After being placed under house arrest, Mugabe appeared publicly at a university graduation ceremony on November 17, 2017. Here, a military officer adjusts a chair for Mugabe, who is dressed in a blue-and-yellow academic gown, to sit on after arriving to preside over the ceremony. Mugabe, who was reportedly tired, was then caught falling asleep.

The week that changed Zimbabwe

Zimbabweans call on Mugabe to go

On November 18, 2017, residents of the capital, Harare, held a protest with anti-Mugabe placards demanding the president's resignation. Veterans of the independence war, activists and ruling party leaders called publicly for Mugabe to be forced from office.

The week that changed Zimbabwe

Mugabe ousted from ZANU-PF leadership

Zimbabwean War Veterans leader Chris Mutsvangwa (R) arrived at a meeting of the ruling ZANU-PF party in Harare November 19, 2017. After hours of deliberation, the party announced that it had decided to fire Mugabe as leader of the party.

The week that changed Zimbabwe

Mugabe does not step down

Many expected that after being recalled as ZANU-PF party leader, President Mugabe would use his address to the nation resign with dignity. Zimbabweans were left shocked after the rambling speech made no reference to him stepping down. Mugabe now faces impeachment, with proceedings believed to be starting on Tuesday.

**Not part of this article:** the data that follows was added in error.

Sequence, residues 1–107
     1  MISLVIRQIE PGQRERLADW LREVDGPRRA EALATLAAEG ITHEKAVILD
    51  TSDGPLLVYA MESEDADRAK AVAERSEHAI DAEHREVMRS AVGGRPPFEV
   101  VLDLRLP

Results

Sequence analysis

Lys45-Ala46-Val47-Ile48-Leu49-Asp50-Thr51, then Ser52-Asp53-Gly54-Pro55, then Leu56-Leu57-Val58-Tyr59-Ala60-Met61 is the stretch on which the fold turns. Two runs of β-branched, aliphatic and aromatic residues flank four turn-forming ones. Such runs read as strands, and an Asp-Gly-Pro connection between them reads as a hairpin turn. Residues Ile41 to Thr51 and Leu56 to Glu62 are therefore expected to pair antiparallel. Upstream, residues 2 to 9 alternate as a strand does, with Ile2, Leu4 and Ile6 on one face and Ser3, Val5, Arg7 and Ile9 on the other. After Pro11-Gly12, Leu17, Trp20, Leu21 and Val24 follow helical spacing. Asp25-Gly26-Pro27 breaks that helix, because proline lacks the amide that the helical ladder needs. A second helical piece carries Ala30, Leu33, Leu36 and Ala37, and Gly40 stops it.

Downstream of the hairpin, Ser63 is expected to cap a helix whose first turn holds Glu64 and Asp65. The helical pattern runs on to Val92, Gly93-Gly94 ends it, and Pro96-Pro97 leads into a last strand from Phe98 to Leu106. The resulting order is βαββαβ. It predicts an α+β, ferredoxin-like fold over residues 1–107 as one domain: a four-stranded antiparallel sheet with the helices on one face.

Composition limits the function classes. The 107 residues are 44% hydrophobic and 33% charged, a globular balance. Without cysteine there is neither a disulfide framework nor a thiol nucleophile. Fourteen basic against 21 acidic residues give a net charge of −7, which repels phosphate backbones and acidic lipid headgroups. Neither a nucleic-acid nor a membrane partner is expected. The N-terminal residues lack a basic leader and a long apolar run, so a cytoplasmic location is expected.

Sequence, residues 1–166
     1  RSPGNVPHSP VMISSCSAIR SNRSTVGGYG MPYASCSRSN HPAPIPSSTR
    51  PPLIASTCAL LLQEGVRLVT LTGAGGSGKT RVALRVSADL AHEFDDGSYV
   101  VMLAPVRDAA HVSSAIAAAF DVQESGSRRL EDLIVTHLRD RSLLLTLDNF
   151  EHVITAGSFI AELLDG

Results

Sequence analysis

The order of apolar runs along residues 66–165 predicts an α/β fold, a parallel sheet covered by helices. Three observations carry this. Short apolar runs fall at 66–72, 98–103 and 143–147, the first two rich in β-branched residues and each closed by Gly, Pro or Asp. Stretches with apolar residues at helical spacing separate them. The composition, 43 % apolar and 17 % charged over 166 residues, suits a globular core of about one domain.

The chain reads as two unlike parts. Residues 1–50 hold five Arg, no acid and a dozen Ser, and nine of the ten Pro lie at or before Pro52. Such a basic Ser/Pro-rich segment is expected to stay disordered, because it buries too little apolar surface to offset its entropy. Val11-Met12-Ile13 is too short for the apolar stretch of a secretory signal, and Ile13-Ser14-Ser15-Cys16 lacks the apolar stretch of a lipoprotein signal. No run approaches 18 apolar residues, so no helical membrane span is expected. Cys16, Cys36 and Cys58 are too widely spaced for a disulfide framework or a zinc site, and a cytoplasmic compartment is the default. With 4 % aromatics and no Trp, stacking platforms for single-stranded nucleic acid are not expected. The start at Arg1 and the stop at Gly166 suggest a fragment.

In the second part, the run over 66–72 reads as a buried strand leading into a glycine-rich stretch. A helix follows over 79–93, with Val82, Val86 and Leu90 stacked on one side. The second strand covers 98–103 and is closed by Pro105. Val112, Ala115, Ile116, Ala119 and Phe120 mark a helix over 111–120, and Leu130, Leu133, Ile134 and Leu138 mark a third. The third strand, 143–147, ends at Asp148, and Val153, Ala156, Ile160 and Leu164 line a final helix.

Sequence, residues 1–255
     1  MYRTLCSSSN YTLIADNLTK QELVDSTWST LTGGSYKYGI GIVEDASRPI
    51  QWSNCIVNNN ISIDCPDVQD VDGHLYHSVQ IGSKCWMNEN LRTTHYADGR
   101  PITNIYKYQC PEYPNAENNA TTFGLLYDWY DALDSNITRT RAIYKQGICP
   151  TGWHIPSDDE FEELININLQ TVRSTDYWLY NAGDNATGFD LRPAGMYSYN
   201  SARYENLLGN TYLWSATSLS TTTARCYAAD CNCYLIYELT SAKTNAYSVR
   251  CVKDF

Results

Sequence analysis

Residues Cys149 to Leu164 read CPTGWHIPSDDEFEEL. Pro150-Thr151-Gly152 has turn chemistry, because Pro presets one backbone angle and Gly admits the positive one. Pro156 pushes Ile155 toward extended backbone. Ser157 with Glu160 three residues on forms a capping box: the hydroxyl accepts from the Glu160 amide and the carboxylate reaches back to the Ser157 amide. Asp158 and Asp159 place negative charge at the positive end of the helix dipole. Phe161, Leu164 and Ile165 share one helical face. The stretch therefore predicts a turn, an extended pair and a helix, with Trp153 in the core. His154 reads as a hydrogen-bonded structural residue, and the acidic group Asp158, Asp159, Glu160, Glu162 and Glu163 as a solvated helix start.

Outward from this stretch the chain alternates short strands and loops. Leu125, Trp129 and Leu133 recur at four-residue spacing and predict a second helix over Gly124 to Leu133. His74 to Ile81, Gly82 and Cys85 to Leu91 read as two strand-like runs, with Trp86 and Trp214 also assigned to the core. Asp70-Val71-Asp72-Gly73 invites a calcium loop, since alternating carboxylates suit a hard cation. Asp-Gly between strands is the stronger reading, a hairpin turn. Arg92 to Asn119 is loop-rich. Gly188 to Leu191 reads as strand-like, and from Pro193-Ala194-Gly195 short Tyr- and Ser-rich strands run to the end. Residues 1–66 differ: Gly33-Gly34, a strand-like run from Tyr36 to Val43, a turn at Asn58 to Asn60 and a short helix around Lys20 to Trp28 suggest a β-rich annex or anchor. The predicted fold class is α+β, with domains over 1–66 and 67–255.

The week that changed Zimbabwe

End of an era

Rather than face impeachment proceedings, Robert Mugabe prompted dancing in the streets of Harare when he resigned on November 22. "My decision to resign is voluntary on my part and arises from my concern for the welfare of the people of Zimbabwe and my desire for a smooth, non-violent transfer of power," the 93-year-old said in a letter.

The week that changed Zimbabwe

Euphoria in Harare

Supporters of Emmerson Mnangagwa celebrate the end of four decades under Mugabe. Mnangagwa was joined by cheering crowds after he returned to Zimbabwe from exile in neighboring South Africa. He is expected to be sworn in on November 24.